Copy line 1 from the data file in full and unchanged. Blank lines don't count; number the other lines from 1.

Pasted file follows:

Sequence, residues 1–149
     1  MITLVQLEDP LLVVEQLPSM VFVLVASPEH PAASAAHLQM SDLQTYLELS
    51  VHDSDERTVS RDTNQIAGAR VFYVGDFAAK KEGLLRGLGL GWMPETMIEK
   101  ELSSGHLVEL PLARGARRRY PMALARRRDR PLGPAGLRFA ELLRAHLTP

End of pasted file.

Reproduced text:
Sequence, residues 1–149